Ha, good one – but probably not, since the Swedish equivalent is 'varulv'. Well, on second thought, could well be.

  28. For another interpretation (albeit a comic one) of the first syllable of ‘werewolf’, I am reminded of Christian Morgenstern’s “Der Werwolf”,
    http://meister.igl.uni-freiburg.de/gedichte/mor_c24.html,
    where it is taken as being ‘Wer’ meaning ‘who’, and given a suitably ridiculous declension on that basis (Weswolfs, Wemwolf, Wenwolf). Of course it all falls apart in the plural…

  29. David Marjanović says:

    I am not clear on what sound you guys mean by /e/, do you mean the ‘egg’ vowel, the ‘fit’ vowel, the ‘bet’ vowel or something else.

    Do you have different vowels in ‘egg’ and ‘bet’?

    The only OED1 pronunciation is the NURSE vowel, neither NEAR nor SQUARE

    Oh, so the second e is (historically) a lie. I… love when that happens. Like at the end of intestine and medicine

  30. Do you have different vowels in ‘egg’ and ‘bet’?

    Many Americans have FACE in the first, DRESS in the second due to raising of short vowels before velars. Mark Twain makes his backwoods raftsmen in the 1840’s say aig-suckin’ son of a stuffed monkey. See John Wells’s blog.

    Oh, so the second e is (historically) a lie.

    Well, actually, if it had always (instead of only sometimes) been written werwolf, then yes. But the OE spelling is werewulf, with three syllables, which is where the etymological difficulty comes in. It’s a hapax legomenon, actually: the Laws of Cnut (1008) say Þonne moton þa hyrdas beon swyðe wacore 7 geornlice clypigende, þe wið þone þeodsceaðan folce sceolon scyldan: þæt syndan bisceopas 7 massepreostas, þe godcunde heorda bewarian 7 bewerian sceolon mid wislican laran, þæt se wodfreca werewulf to swyðe ne slite, ne to fela ne abite of godcundre heorde. ‘Thus must the shepherds be very wakeful and call out eagerly, who ought to protect the people from the criminal: that is, the bishops and mass-priests, who watch the devout flock and (must) protect it with wise learning, (so) that the madly destructive werewulf does not thus rend or consume too often from the devout flock’, where <to fela (lit. ‘too much’) means in OE idiom that he should not eat them at all.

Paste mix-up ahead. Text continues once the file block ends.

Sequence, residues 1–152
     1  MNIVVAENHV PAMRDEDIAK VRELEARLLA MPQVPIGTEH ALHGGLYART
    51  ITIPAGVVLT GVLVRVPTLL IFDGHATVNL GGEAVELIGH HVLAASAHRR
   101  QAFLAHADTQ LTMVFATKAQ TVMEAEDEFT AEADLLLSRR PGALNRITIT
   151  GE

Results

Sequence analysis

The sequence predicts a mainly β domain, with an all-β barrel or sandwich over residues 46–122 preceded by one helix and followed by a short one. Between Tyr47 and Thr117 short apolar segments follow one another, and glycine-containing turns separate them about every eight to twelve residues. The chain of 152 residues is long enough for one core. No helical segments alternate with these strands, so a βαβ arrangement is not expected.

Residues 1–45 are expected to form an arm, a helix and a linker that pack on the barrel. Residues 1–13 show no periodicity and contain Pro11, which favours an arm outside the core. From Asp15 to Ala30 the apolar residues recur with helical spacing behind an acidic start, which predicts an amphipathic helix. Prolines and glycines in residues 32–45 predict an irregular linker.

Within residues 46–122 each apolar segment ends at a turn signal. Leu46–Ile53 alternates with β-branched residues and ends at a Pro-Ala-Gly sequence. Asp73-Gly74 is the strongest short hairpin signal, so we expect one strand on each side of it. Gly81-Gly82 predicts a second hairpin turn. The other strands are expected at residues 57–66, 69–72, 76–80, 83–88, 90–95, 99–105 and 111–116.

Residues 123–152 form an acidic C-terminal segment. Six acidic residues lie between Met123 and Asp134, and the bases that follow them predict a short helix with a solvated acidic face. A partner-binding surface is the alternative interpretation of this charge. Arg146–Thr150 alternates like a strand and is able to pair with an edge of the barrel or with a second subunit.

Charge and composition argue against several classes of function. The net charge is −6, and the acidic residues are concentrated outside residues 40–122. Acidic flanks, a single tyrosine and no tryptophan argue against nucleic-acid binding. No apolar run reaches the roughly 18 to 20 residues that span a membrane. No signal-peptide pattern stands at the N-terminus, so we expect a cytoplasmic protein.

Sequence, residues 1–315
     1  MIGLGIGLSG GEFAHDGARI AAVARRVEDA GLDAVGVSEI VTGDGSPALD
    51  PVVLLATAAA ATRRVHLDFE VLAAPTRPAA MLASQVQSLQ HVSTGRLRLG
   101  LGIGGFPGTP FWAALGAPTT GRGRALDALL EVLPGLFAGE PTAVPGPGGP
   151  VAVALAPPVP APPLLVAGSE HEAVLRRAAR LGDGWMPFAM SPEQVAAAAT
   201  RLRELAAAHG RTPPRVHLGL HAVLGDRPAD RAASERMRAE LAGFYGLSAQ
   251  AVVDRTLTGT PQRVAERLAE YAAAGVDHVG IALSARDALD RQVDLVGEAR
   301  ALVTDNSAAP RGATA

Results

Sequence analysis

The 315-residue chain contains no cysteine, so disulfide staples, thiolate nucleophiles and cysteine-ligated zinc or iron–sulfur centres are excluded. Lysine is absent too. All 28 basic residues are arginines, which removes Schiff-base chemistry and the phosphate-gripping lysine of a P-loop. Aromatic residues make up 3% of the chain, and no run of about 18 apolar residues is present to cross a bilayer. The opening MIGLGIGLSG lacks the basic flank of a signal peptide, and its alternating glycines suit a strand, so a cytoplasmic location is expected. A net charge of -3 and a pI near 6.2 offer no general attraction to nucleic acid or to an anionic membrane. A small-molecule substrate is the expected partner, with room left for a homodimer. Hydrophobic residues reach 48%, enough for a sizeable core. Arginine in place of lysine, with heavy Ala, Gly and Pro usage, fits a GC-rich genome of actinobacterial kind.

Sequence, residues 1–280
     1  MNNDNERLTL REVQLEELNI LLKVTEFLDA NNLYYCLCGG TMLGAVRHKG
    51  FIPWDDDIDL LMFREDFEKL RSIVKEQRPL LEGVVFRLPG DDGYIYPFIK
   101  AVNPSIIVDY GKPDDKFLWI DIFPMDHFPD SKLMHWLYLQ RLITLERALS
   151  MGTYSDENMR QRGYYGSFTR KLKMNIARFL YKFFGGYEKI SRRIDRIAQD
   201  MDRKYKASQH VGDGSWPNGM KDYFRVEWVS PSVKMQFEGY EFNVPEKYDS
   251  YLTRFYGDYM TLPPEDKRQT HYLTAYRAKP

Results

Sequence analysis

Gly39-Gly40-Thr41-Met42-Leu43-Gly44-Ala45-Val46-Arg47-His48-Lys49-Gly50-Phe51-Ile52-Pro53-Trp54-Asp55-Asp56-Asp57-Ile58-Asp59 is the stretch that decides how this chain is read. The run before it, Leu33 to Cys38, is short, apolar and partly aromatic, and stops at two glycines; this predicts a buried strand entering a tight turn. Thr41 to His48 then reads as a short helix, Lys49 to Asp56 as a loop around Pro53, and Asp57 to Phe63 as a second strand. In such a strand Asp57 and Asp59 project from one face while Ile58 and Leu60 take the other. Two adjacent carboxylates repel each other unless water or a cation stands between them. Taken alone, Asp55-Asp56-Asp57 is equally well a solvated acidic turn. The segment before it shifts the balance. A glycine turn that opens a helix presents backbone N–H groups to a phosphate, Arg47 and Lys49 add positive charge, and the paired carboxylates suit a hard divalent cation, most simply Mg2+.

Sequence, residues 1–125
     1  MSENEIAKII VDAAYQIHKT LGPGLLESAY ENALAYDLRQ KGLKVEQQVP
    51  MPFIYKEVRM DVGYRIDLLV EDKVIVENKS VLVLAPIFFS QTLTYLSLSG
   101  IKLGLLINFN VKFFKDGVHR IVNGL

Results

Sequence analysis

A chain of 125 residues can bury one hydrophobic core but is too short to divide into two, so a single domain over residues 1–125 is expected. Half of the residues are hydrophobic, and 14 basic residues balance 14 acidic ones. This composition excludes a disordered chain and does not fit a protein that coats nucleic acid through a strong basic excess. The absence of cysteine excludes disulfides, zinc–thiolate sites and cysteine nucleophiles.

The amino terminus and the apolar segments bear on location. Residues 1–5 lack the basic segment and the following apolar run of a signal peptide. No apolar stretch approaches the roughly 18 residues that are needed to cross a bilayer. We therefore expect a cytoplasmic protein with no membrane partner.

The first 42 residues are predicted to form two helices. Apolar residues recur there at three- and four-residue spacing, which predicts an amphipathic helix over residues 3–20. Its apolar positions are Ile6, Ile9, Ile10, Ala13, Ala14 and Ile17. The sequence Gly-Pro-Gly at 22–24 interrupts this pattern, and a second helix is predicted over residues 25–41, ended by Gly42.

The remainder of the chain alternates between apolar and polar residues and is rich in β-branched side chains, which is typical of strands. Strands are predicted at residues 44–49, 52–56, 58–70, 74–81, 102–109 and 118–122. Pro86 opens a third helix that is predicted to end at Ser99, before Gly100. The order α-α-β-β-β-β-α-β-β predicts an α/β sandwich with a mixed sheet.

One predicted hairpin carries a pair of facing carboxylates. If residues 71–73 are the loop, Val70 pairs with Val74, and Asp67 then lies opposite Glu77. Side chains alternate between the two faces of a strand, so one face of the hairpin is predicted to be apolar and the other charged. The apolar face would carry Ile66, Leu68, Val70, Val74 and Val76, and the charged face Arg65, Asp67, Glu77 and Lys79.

By 1425, the word is already obscure and we have folk etymology: Edward of York writes Þer beth some [wolves] þat eten children and men…. And þei be cleped [called] werewolfes, for men shulde be were [wary] of hem, or þe mann see hem.

  31. The “there wolf” joke, from Young Frankenstein, in 2½ different accents. Don’t know how Marty Feldman would have pronounced ‘werewolf’.

  32. I actually heard someone spontaneously describe a person as looking like “an egg with legs”, with egg having the FACE vowel, leg having the DRESS vowel. It’s the sort of thing field linguists remember forever.

  33. “Do you have different vowels in ‘egg’ and ‘bet’?”

    No, but my first wife did. She was born and spent her early years in East Tennessee.

  34. Stefan Holm says:

    Werewolf is definitely ’man-wolf’. OIcel verr (with the final masc. nom. sing. marker ‘-r’) is a cognate to Latin vir meaning ‘man’. Both OHG and OE have werwolf.

    Svensk etymologisk ordbok (Swedish Ethymological Wordbook) from 1922, http://runeberg.org/svetym/
    discusses the word in detail. Unless you know some Scandinavian you will though find it hard to follow (Trond will face no problems). It claims that within western IE, but not in Indo-Iranian, the concept of a man turning into a wolf is all over the place. OFr has garoul (‘obviously from Gmc’) and modern Fr the reduplicated loupgarou. Greek has lykánthropos and Latin versipellis, meaning ‘a wolf’s fur’. The same meaning occurs in OCS vlukodlaku.

    The ‘wer-‘ word for ‘man’ also turns up in world (Sw. ‘värld’, Da/Nor ‘verden’, Ger ‘Welt). It’s in OIcel verold, in OSax werold and in OHG weralt from ‘man’+’age’. So it originally means ‘human age’.

  35. Both OHG and OE have werwolf.

    But it’s precisely the second e of OE werewulf that is inexplicable on the wer-theory.

  36. David Marjanović says:

    Could that single werewulf be epenthetic? OHG has irregular optional epenthetic vowels all over the place. (Apparently it was moving towards becoming more of a CV-syllable language, while later German has been moving towards marking word boundaries at the expense of syllables.) I don’t know how comfortable paleographers are with assuming freak mistakes on the part of a writer… I think I’m much more likely to anticipate letters when I write by hand than to repeat them later…